By Emily Hoppmann, DVM
There are over 5,000 types of dog food on the market right now and they all have their own sales pitch. So how do you get to the facts so that you know you are buying the best dog food for your pet?
Most owners read food labels and the first thing they look at is the ingredients list. People have heard tons of wrong information from all types of sources, including word of mouth from friends or family, commercials, breeders, sales people, etc. For example, the commercials that say if chicken by-product is at the top of the ingredients list it must be a bad food, that your dog needs nuts and berries in its food, or if it contains corn it is going to give your dog allergies. None of these are true statements based on facts.
So where do we find the facts that make us more comfortable that we are feeding our pets the best possible food? It is not by looking at the ingredients list on the back of the dog food bag. As a veterinarian, I feel that all pet owners have a right to know what they are feeding their animals so I will just touch on how to tell the biggest difference between the quality of a food.
The pet food label contains a wealth of information, if one knows how to read it. That is what I am going to try to help you do – be able to read and understand the labeling. Do not be swayed by the many marketing gimmicks or eye-catching claims. If there is a question about the product, contact the manufacturer or ask an appropriate regulatory agency such as the FDA or AAFCO. You are also always welcome to talk to me about finding the right diet fit for your pet.
The Association of American Feed Control Officials (AAFCO) is a voluntary membership association of local, state and federal agencies charged by law to regulate the sale and distribution of animal foods. Their purpose and function is to try to achieve three main goals: Protect the buyer (or owner), keep our pets safe, and provide a system where foods can be compared and picked fairly.
These goals are achieved by developing and implementing uniform and equitable laws, regulations, standards, definitions and enforcement policies for regulating the manufacture, distribution and sale of animal foods.
According to AAFCO’s guidelines each bag of dog food sold must have a Nutritional Adequacy Statement, but that statement is often purposely well hidden. You can often find it on the side or the back of the bag in small print. This little statement can help reveal all the facts that the eye-catching claims would rather you not uncover!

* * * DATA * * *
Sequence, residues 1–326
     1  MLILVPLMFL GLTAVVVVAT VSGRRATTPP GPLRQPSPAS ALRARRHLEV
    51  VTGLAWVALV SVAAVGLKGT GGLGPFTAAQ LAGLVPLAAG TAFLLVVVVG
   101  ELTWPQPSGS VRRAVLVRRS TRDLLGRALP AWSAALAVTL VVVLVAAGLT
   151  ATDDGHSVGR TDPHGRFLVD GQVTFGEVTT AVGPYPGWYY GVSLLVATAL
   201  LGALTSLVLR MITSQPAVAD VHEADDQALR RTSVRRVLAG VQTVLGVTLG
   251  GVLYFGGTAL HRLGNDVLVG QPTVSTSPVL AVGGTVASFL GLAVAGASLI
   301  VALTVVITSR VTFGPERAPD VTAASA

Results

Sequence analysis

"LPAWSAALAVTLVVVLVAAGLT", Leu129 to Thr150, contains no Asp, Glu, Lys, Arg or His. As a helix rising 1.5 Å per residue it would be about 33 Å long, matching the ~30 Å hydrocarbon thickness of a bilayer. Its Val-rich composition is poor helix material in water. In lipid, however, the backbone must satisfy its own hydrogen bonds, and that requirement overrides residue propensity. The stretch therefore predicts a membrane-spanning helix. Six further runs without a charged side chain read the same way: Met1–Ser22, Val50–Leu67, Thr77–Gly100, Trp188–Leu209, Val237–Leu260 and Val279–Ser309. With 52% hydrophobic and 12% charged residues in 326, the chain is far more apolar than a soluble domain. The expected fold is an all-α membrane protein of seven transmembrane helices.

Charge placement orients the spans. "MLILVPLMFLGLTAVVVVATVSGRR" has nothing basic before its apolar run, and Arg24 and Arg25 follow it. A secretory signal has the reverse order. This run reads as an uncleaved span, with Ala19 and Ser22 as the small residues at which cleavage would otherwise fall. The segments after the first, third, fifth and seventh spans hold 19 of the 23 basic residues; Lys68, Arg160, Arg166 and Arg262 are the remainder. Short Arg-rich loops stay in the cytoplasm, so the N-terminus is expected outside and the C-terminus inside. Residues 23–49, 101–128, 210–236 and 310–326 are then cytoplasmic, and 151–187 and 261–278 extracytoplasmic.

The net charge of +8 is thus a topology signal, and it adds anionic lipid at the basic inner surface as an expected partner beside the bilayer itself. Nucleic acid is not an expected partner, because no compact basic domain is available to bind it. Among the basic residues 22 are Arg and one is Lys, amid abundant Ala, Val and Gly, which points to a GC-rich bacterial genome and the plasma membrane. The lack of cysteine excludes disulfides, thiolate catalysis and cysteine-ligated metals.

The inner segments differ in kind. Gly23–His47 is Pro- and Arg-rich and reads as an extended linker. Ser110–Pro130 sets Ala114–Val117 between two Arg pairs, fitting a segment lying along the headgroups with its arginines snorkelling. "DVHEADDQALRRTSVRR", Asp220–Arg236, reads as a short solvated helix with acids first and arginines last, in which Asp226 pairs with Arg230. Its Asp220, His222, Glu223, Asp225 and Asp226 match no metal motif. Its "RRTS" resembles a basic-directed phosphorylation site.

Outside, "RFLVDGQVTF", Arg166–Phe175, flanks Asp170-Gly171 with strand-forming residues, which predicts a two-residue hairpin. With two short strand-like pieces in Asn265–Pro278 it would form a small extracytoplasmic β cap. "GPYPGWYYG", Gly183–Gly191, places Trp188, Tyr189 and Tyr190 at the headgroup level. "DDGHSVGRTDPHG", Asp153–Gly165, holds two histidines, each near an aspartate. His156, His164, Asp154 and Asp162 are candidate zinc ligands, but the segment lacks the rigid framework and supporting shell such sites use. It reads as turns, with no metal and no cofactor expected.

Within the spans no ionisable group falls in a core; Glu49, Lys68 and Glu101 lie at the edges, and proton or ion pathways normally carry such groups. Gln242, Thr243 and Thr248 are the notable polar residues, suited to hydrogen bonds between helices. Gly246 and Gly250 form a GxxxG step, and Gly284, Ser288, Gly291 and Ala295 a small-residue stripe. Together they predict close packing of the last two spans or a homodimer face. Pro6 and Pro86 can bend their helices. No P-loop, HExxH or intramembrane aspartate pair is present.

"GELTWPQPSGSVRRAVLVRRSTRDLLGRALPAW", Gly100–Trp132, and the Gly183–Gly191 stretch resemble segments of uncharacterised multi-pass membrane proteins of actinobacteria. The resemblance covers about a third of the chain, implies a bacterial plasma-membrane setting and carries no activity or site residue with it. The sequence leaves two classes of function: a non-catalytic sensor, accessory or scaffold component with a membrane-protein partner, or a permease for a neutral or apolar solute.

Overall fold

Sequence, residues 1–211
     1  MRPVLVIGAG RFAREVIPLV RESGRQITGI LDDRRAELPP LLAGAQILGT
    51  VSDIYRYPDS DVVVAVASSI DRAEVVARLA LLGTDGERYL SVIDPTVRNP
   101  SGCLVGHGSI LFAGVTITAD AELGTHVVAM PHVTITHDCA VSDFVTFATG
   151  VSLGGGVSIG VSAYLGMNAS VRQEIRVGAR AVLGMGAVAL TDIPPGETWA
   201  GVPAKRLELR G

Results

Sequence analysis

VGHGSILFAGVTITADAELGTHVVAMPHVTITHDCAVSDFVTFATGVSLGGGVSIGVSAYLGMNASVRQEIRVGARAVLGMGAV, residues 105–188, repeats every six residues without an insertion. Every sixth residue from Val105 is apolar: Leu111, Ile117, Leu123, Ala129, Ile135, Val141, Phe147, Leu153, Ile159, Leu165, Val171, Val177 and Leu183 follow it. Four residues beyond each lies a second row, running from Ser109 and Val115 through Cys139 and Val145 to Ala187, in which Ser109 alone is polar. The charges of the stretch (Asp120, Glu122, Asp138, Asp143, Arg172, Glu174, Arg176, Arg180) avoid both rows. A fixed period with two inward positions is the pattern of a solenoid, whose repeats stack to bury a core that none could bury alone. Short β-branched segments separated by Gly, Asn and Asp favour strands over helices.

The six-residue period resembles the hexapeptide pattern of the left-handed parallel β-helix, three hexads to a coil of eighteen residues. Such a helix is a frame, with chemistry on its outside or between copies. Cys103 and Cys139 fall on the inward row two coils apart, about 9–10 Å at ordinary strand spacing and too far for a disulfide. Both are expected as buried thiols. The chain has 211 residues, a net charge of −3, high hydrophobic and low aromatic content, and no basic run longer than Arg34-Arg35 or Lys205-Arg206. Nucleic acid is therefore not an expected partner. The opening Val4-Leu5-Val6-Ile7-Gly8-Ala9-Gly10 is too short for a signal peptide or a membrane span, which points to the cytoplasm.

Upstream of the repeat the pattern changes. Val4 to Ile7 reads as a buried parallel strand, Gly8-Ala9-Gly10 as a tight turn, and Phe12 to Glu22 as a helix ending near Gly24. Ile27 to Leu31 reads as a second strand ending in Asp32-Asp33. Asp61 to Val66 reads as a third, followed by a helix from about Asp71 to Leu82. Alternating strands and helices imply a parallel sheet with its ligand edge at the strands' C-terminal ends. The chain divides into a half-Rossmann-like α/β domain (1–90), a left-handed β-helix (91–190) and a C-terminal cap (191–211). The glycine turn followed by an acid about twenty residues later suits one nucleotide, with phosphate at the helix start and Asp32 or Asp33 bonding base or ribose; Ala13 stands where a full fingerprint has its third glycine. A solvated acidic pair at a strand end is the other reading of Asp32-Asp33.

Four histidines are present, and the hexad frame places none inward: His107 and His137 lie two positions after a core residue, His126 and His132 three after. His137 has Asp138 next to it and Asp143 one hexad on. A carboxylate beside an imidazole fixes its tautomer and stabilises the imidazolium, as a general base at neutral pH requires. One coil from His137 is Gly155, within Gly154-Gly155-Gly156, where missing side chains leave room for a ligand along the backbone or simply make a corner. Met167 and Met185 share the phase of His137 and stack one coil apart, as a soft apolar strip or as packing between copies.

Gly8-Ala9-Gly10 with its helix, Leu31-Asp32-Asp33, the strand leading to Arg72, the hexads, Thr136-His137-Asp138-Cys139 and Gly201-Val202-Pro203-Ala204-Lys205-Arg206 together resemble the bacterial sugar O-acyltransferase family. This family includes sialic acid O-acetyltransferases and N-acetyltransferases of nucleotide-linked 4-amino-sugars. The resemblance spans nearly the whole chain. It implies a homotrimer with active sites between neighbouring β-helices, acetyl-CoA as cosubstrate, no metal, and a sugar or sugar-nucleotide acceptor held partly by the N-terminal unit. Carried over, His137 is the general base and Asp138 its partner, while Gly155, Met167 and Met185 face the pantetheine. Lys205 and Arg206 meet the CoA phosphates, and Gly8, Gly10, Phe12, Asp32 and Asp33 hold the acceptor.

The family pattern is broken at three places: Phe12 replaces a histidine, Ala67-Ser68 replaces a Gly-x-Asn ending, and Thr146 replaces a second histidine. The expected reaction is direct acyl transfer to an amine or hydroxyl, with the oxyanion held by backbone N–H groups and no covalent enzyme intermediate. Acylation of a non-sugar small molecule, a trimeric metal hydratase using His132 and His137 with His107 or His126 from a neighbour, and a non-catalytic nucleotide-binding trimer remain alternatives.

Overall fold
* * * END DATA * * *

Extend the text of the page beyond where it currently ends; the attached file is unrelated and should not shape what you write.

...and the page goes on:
By law, all pet foods must have a pet food statement that the food is nutritionally balanced and fit to eat, but how the pet food statements are written makes all the difference in the world.
On most of the statements, the food will say it has been formulated. This usually means the food is sent off to a lab for chemical analysis, which is not very expensive to have done. This means that the nutrients listed are probably in the bag, but gives you no idea of the quality or the digestibility of those ingredients. It gives us no indication if the ingredients you are paying top dollar for are even going to be available for digestion. As a veterinarian, I do not recommend foods that have been formulated.
The second type of pet food statements say that the food has undergone animal feeding tests. This statement means that a group of dogs was studied while eating the food. The food was fed to a colony of dogs and they had a physical exam, blood work and body weights at the beginning and throughout the study. These studies always last at least 6 months and cost a company hundreds of thousands of dollars. However, by seeing how dogs actually respond to a food and being able to analyze the ingredients going into the dog and what is coming out of the dog, we get the facts.
As a veterinarian, I always recommend foods that have undergone an animal feeding test. To go to the trouble and expense that these companies go through, you know that they are invested in your pet’s health. Do not be fooled by all the hype, trust the facts.